It’s enough to review once more that last, final black-and-white photograph of Salvador Allende to glimpse the apparent contradictions of his life and legacy on this, the thirtieth anniversary of his death, and that of his Popular Unity government.
Chilean Army tanks and troops were circling the presidential palace, twin Air Force jets ready to bomb it were already in the air and General Pinochet was about to seize power. Accompanied by his young bodyguard, there on the palace doorstep stood the 65-year-old gentleman Allende, the medical doctor, veteran parliamentarian and democratically elected president in impeccably pressed pants and a silk tweed jacket over a hand-knit sweater–with the strange, surreal accents of a steel military helmet on his head and fully loaded AK-47 in his arms. Of these last moments in the life of Allende, Gabriel García Márquez wrote: “His greatest virtue was following through, but fate could only grant him that rare and tragic greatness of dying in armed defense of the whole moth-eaten paraphernalia of an execrable system which he proposed abolishing without a shot.”
García Márquez captures a crucial truth, but one that is partial. Allende is widely remembered only as a victim–of the Chilean counterrevolution, of the vast US covert destabilization program and ultimately of what some argue was his own peaceful strategy. But his positive contributions to history, his bold attempts to redefine the very concepts of revolution, socialism and democracy, and the unique place that he deserves in the annals of the international left remain substantially unrecognized–or misunderstood. Even for a younger generation of radicals, Allende is often but a distant memory, a footnote, just one more entry, alongside Arbenz and Mossadegh, on a laundry list of elected leaders violated by imperial arrogance.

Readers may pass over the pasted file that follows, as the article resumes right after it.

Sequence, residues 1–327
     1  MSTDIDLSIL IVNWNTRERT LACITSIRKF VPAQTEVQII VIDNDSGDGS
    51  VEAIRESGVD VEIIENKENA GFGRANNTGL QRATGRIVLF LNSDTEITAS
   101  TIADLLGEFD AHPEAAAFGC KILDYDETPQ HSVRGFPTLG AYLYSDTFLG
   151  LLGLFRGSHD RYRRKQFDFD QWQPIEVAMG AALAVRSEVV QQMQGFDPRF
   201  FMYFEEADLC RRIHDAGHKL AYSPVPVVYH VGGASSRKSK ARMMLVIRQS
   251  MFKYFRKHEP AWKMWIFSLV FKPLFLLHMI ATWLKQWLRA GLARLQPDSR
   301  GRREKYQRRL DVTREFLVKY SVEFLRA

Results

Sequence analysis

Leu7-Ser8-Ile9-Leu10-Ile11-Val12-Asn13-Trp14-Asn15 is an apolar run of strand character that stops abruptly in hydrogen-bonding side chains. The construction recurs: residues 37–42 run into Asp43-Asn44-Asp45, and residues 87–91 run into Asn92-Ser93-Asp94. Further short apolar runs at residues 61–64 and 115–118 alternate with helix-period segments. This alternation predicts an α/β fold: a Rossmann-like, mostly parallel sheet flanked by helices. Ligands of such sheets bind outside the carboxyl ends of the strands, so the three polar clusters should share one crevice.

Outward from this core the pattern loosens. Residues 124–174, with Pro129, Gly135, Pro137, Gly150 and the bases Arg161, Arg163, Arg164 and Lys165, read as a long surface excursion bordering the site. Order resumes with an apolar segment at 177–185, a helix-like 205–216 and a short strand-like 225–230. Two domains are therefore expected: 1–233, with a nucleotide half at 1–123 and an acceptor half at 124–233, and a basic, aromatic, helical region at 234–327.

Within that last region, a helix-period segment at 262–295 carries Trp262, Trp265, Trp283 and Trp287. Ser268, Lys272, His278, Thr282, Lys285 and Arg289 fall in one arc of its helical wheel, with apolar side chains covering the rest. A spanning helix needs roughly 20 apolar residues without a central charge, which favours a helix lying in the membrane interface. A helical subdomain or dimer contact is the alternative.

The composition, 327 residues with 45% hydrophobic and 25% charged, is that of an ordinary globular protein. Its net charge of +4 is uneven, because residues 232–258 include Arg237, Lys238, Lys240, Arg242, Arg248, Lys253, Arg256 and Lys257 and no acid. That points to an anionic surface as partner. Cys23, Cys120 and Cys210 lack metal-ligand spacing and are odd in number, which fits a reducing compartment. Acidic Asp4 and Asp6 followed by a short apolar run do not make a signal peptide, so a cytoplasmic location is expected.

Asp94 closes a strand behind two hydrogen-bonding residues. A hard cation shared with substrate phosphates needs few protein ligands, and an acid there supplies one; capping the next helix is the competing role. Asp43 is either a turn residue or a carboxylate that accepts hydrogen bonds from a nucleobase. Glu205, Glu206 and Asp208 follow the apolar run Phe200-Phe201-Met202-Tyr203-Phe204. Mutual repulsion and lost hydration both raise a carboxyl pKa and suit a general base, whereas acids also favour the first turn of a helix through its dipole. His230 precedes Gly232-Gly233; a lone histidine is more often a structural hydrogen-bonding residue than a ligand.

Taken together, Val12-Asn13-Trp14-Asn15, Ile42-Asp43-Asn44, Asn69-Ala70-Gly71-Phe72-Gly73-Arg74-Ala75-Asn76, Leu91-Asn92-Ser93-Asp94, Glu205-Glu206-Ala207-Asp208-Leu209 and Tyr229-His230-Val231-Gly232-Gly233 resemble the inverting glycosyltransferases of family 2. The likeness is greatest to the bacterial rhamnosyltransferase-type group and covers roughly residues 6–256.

Though most often characterized as the “first freely elected Marxist head of state,” who proposed a “peaceful transition to socialism,” Allende intended something more sweeping. His insistence on the use of democratic means to achieve power and radically reconstruct society was neither a mere tactic nor just a euphemism for minor and moderate reform.
There was no precedent for what Allende was attempting–except maybe in the writings of Marx. Socialism, real socialism, as argued by the Old Lion, would bring with it an expansion and deepening of democracy, not its curtailment or abolition.
Allende believed profoundly in this principle. He explicitly rejected the model of European Socialists, who–even by 1970–aspired to be little more than the liberal face of capitalist management. And though he considered himself a friend and ally of Fidel Castro (especially in the face of US hostility), Allende rejected any suggestion that Cuba or any of the other Communist countries of the time could be a model for his vision of socialism.
Allende saw a third way–in no way to be confused with Tony Blair’s self-declared middle path between corporate free markets and social democracy, but rather an authentically socialist and democratic alternative to meek social reform, on the one hand, and authoritarian “people’s democracies”–Stalinist dictatorships–on the other.